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3 ESSENTIAL STEPS FOR GETTING PAID ON EXPORTS TO MEXICO

By Romelio Hernández; HHM Legal
www.hmhlegal.com (October 19, 2004) 

DISCLAIMER: The information you obtain in this article is not, nor is it intended to be legal advice. Our Law Office [HMH Legal] will only provide legal advice after having entered into an attorney client relationship. It is imperative that any action you take be done on the advice of counsel, and not based solely upon this article.

 

When you are selling on credit, having a sound credit and collection policy and executing it properly is essential. A credit and collection policy can be reduced to these three components: know whom you’re selling to (that is, perform due diligence on your prospective buyer); know how to sell (that is, get the right supporting documents for the sale); and keep a close eye on your money, and act fast when there’s a potential risk. This three-fold policy proves even more valuable when you’re selling internationally.

Undertaking your due diligence

Whenever there’s a potential customer at your door, you have to ensure that this prospect will be a likely payer. Requesting financial information from him or her is just the beginning: you need to go beyond that by getting a current credit report from a reliable source in the prospect’s own jurisdiction. An attorney or a credit reporting agency can easily obtain information regarding the prospect’s assets, the legal situation of his company, and any lawsuits filed against him.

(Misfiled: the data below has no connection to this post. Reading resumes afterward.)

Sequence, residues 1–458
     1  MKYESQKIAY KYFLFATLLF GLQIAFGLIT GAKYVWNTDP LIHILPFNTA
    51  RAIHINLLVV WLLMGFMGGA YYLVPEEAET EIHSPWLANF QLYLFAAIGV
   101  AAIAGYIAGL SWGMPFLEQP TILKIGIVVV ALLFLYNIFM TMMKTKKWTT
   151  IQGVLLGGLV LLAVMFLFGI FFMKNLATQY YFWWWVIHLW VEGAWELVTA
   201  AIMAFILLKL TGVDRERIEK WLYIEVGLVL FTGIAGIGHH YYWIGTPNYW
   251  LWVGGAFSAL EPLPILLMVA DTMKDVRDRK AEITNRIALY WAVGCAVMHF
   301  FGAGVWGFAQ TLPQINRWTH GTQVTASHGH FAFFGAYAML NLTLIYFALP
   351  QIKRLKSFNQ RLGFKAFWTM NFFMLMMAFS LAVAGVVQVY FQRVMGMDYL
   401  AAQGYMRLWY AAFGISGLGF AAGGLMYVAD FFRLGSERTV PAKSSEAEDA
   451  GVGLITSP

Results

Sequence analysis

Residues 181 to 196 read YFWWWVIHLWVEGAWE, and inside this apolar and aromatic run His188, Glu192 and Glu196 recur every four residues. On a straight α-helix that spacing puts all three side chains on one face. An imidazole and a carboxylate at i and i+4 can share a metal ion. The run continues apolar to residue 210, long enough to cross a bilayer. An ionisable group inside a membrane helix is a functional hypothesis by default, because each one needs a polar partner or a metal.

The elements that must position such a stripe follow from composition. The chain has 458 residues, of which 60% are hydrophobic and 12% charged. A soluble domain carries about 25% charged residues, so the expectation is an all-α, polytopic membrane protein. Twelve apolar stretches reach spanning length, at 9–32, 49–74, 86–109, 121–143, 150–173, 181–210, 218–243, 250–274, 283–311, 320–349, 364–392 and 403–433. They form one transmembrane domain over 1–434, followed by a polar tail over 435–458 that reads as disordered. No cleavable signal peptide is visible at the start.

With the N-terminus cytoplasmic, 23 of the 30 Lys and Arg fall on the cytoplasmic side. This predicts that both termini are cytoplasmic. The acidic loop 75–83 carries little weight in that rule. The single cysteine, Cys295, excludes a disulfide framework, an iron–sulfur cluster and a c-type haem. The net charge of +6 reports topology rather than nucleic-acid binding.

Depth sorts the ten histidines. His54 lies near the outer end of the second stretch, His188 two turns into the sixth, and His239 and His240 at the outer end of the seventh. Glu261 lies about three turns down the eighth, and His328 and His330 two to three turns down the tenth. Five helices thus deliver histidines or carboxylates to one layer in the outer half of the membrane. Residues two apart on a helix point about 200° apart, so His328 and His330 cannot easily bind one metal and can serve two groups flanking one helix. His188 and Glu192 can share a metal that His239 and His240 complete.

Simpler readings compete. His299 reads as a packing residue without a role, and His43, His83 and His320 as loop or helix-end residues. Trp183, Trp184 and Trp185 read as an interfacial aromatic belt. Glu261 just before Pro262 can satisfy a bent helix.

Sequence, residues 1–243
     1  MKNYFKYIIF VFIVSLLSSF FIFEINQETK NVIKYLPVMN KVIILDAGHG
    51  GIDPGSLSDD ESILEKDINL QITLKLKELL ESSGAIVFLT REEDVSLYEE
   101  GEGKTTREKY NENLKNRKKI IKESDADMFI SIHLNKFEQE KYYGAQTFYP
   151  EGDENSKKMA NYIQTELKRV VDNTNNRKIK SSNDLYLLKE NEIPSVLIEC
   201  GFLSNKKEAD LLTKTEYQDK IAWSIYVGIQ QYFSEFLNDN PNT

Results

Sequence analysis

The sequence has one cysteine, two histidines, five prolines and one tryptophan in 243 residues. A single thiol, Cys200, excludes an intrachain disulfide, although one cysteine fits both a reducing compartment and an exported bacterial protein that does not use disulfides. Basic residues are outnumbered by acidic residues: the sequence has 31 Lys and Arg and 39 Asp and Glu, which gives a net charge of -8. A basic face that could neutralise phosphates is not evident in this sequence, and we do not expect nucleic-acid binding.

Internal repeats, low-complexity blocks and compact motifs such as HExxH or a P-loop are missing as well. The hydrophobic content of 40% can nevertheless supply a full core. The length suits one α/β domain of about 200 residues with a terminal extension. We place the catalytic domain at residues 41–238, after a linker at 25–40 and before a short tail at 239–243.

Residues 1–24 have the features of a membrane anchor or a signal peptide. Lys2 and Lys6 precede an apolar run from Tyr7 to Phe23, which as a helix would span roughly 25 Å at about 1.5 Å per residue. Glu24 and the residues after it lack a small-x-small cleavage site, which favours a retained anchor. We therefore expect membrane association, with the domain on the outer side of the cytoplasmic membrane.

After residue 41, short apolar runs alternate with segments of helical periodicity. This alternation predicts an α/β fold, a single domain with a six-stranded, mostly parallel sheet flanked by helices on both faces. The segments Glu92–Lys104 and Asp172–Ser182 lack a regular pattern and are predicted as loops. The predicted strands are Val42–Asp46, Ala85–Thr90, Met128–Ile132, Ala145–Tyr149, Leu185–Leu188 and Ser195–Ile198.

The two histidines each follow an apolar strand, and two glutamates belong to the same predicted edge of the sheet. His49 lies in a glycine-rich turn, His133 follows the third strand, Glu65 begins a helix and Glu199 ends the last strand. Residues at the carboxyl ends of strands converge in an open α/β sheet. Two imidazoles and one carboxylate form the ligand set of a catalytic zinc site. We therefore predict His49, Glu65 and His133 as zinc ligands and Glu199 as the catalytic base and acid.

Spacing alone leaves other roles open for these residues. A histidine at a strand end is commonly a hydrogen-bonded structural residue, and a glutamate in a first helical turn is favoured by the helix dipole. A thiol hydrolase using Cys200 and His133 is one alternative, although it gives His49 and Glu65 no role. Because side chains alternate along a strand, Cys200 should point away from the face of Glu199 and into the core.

There are three factors that need to be evaluated from your prospect:

1)      Personality. Can you relate the prospect to notions of integrity, honesty, and moral responsibility? Do you trust him or her personally?

2)      Capital. Is the prospect’s business doing sufficiently well financially to ease your mind? Does he or she have assets to secure the debt?

3)      Capacity. Is the prospect good and competent at business? Is he or she knowledgeable and experienced enough to be entrusted with your money?

Documenting the sale properly

It is not enough for your debtor to have money. If you need to file suit against him, you have to make sure that you have the proper weapons to ensure success. There are three essential qualities that need to be proved in court during a collection case: 1) the debtor’s offer to buy goods; 2) the seller’s acceptance and performance; and 3) terms and conditions of sale. You can easily prove this with proper documents, and give yourself an advantage in court by using these items, which you should request from the prospect.

1)      Credit application. The application alone will not help you in the case of a dispute before the courts. You can and should include your terms of sale, a personal guarantee, and even a special pledge (available in Mexico) to create a security interest in the goods you are selling.

2)      Purchase orders. You should request written purchase orders from all buyers. These can be sent via fax, and should include the authorized person’s full name and signature.

3)      Delivery receipts. You have to request signed receipts upon delivery. These can be your own packing slips, or bills of lading. And they have to include the full name and signature of the individual receiving the goods on behalf of the buyer.

If you want to add security to your transactions, you should request from the buyer either one floating pagaré (promissory note), executed according to Mexican law to guarantee the general credit granted, or one promissory note per shipment for that specific amount. If you are selling good whose value exceeds USD 100,000.00, be sure you get collateral from your buyer to guarantee the debt. It’s a common practice in Mexico.